What is the RetroFlag GPi?
The RetroFlag GPi is a gameshell for the Raspberry Pi Zero and Raspberry Pi Zero W which morphs a Pi board into a fully-functional portable Raspberry Pi retro game console. It's not the only such device. The Odroid-Go arrives as a GameBoy Color-style DIY handheld retro gaming device, and the ClockWorkPi GameShell is a nifty portable console for retro video games, programming, and even listening to music. However, the RetroFlag GPi differs in its GameBoy lookalike casing. Unlike the ClockworkPi and Odroid-Go, the RetroFlag GameBoy case mimics the appearance of the original Nintendo GameBoy with its thick, grey and red color-scheme form factor.
Moreover, the GPi, as the name suggests, uses a Raspberry Pi for emulation. Compare that to the Odroid-Go which uses an ESP32, and the ClockworkPi GameShell with its ClockworkPi (CPI) development board. Finally, the GPi may run RetroPie, Recalbox, Batocera, or Lakka, whereas the Odroid-Go and ClockworkPi feature custom operating systems.
On its front, you'll find a D-pa, start and select buttons, and X, Y, A, and B buttons. The rear features a battery hatch which takes three double A batteries, as well as left and right shoulder buttons. The top hosts a power switch, with a DC power input and brightness wheel on the left side. A volume wheel may be found on the right-hand side of the device, with a speaker in the bottom right corner. There's a 3.5mm headphone jack on the bottom of the device, and inside the battery pocket you'll find a USB port for firmware upgrades, as well as a safe shutdown switch.
The GPi case touts compatibility with the Raspberry Pi Zero and Raspberry Pi Zero W. There's a solderless installation, with pogo pins that connect effortlessly to the Pi's 40-pin GPIO header. The 2.8" 320x240 IPS screen gives off lush visuals.
RetroFlag GPi specs:
- 2.8-inch 320x240 IPS display
- Dimensions: 135x81x32mm
- Works with Raspberry Pi Zero or Raspberry Pi Zero W
- 3x AA batteries
- 3.5mm headphone jack
- Includes safe shutdown button
- DC power input
How to Make a DIY GameBoy With the RetroFlag GPi CaseIn the box, you'll find the RetroFlag GPi case. It doesn't come with a Raspberry Pi Zero or Zero W or AA batteries, but you'll probably have batteries stuffed in a drawer somewhere around your house. Or you can raid that one remote you never use. A Raspberry Pi Zero or Zero W clocks in around $5-10. You'll need a microSD card as well.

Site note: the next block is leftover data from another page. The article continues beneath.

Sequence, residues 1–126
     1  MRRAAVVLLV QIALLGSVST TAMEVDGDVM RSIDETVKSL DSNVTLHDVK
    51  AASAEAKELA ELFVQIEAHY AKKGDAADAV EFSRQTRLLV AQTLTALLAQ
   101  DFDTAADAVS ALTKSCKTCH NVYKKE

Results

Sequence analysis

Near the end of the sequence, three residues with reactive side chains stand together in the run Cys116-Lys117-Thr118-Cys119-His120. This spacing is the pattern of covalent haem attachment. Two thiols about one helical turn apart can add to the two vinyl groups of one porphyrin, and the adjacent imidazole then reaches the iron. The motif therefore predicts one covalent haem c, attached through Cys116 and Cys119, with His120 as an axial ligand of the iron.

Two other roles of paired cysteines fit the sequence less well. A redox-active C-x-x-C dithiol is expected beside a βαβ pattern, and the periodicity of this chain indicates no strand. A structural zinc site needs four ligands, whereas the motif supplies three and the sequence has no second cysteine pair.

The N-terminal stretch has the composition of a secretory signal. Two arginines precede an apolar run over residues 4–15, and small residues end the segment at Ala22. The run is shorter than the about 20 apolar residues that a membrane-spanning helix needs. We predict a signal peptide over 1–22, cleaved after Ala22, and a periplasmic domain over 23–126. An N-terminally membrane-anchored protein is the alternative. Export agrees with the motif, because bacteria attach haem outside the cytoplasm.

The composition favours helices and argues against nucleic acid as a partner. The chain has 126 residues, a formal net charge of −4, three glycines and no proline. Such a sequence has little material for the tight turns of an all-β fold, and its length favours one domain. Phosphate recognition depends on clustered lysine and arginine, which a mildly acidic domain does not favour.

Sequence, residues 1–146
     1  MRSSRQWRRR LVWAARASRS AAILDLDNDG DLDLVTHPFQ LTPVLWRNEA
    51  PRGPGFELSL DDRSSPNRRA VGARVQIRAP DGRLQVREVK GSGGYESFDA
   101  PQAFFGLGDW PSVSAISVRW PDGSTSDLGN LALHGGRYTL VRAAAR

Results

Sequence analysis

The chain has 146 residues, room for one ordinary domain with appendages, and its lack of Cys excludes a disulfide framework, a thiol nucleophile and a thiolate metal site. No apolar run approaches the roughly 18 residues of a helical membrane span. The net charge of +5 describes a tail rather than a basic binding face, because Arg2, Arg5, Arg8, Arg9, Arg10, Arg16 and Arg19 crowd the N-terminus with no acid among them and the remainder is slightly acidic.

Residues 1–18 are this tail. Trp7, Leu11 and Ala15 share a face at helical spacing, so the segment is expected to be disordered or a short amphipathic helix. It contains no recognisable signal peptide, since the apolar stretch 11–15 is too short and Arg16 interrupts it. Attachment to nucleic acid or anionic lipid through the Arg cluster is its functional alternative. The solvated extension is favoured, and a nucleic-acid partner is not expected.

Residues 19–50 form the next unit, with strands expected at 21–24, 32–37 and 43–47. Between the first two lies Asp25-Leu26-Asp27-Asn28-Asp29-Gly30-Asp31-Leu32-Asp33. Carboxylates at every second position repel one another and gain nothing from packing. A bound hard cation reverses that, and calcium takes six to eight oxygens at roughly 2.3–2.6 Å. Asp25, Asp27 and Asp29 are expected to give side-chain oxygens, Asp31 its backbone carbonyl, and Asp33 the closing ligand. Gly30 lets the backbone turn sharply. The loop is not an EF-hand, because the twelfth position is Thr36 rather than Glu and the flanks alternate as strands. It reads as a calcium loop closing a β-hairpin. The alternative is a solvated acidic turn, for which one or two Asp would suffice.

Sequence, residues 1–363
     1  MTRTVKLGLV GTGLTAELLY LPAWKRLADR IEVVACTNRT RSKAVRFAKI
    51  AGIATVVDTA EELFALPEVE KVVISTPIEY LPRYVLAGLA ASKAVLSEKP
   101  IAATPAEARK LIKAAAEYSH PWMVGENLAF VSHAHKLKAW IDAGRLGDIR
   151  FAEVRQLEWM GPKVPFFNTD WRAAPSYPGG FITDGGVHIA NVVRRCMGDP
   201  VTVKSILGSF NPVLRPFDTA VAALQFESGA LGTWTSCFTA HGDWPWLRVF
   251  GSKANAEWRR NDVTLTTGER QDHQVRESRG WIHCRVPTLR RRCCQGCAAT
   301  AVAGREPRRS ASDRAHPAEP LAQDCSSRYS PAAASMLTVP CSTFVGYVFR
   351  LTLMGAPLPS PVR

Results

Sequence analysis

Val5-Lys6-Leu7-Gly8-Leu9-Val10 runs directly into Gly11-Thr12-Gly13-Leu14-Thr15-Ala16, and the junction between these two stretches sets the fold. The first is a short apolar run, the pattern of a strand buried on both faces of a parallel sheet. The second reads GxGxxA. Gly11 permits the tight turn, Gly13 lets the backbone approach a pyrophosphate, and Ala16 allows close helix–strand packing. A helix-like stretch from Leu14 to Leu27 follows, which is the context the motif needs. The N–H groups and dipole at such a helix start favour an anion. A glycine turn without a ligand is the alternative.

What you'll need for a DIY Raspberry Pi GameBoy with the GPi case:
- RetroFlag GPi case
- Raspberry Pi Zero/Zero W
- microSD card
- Retro gaming OS (RetroPie, Recalbox, Batocera, or Lakka)
- Extraction software (i.e. 7Zip)
- Image mounting software (i.e. Etcher)
First, make sure your power button is switched off. Next, take the micro USB extension cable and insert it into the inner micro USB port on your Raspberry Pi Zero.
Go ahead and install RetroPie, Recalbox, Batocera, or Lakka on a microSD card.
Since the GPi GameBoy case uses GPIO for its video output rather than HDMI, you'll need to enable this using a GPi case patch. Head over to the RetroFlag downloads page and snag the patch. On Windows, unzip the GPi_Case_patch folder, and copy the entire folder to the root of your SD card. Then, open the GPi_Case_patch folder, and run the install_patch.bat file. If you're using macOS, backup the config.txt and overlays/dpi24.dtbo files to a loaction such as a backup folder. Drop the unzipped folder, copy configs.txt to the root SD card directory along with the overlays/dpi24.dtbo and overlays/pwm-audio-pi-zero.dtbo files into the overlays folder. Video vid GPIO should be enabled.
Once you've got your Raspberry Pi retro gaming operating system and the GPIO video output script installed, go ahead and insert your microSD card, add your three double A batteries, and power on the GPi by toggling the power switch to On.
RetroFlag GPi Review: A Raspberry Pi-powered GameBoy Clone to Make You do a Double Take
From its appearance, which closely mimics that of the original, chunky Nintendo GameBoy, the RetroFlag GPi completely nail it. Sure, there are a few differences such as the addition of X and Y buttons, but noticing these tweaks requires more than a cursory glance. The Raspberry Pi Zero/W holder with its GameBoy cartridge appearance merely proves the dedication RetroFlag has to delivering a completely retro-inspired gaming experience.
The directions are generally easy to follow, although words alongside pictures would have allowed for a slightly faster installation. The one major oversight is that nowhere in the instructions does it mention installing the GPIO video output script. You'll need to merely remember that the Pi by default outputs video via HDMI, something I did not, and which resulted in a bit of hair-pulling, NSFW grumblings, and a Reddit search which led to my "d'oh!" moment.